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Ken Bloom | USLHC | USA

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Computing the next three years/more travel fun

This past Monday we had our annual US CMS Tier-2 computing workshop. Once again, we held our workshop as part of the Open Science Grid All-Hands Meeting. Those of you who have been reading the blog for more than a year will remember that last year this meeting was held at the totally neat LIGO facility in Louisiana. This year the meeting was at totally neat…Fermilab! OK, I’ve been to Fermilab before, so no travelogue this time, but as usual it was good to meet so many collaborators face to face.

I don’t want to jinx ourselves, but I’m feeling pretty good about the state of the computing for the experiment right now. As we reviewed the status of the seven CMS Tier-2 sites in the United States and two in Brazil, we generally saw that everyone is operating pretty stably and happily. A year ago, there was a lot of discontent with existing large-scale disk storage systems. But since then we’ve developed and implemented some new systems, and there have been a lot of improvements in the existing systems, so it all just looks a lot better.

That being said, this all just dress rehearsal — we’ll see how it really goes when thousands of physicists start using the system to do hundreds of data analyses. Now that the LHC running schedule has been defined for the coming three years, we have a much better handle on the needed computing resources for for this period. Overall, we’re going to be running at lower collision rates than previously anticipated, but with pretty much the same livetime. This means that we’ll be recording the same number of events we would have at higher collision rates, implying that the density of interesting physics will be smaller. It creates a more challenging situation for the computing, but at least we now know what has to be done, and have a reasonably good idea of how to get there.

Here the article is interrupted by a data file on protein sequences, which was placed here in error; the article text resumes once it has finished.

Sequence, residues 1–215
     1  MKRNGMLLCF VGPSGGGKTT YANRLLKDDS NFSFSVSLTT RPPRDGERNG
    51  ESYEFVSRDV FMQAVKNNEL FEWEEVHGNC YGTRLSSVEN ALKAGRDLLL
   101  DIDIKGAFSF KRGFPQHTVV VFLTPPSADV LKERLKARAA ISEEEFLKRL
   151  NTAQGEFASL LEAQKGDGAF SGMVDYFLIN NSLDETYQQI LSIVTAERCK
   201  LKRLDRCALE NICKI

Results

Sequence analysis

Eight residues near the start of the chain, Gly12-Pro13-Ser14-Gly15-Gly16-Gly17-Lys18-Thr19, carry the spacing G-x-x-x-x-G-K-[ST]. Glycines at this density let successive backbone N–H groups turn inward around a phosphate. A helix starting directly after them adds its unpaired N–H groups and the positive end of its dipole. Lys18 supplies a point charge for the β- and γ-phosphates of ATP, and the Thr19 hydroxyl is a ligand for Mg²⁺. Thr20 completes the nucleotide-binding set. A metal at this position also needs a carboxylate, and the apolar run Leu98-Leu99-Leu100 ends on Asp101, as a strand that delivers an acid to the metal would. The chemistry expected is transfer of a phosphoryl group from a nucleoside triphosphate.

As for the second half of the title — the real excitement was on my trip home. I had an 8:10 AM flight out of O’Hare, which would arrive in Lincoln around 9:40, giving me plenty of time to be ready for my 12:30 PM class. But there was fog in Chicago, and an aircraft was late, and then the crew was swapped, and then the aircraft was sent to Peoria instead while we waited for the crew, and in the end we didn’t leave until around 10:45. The plane touched down on the runway in Lincoln at 11:57. And I was in my classroom just on time. Ah, lovely Lincoln, where the airport is small, you park right next to the airport, and you can drive to campus in minutes!

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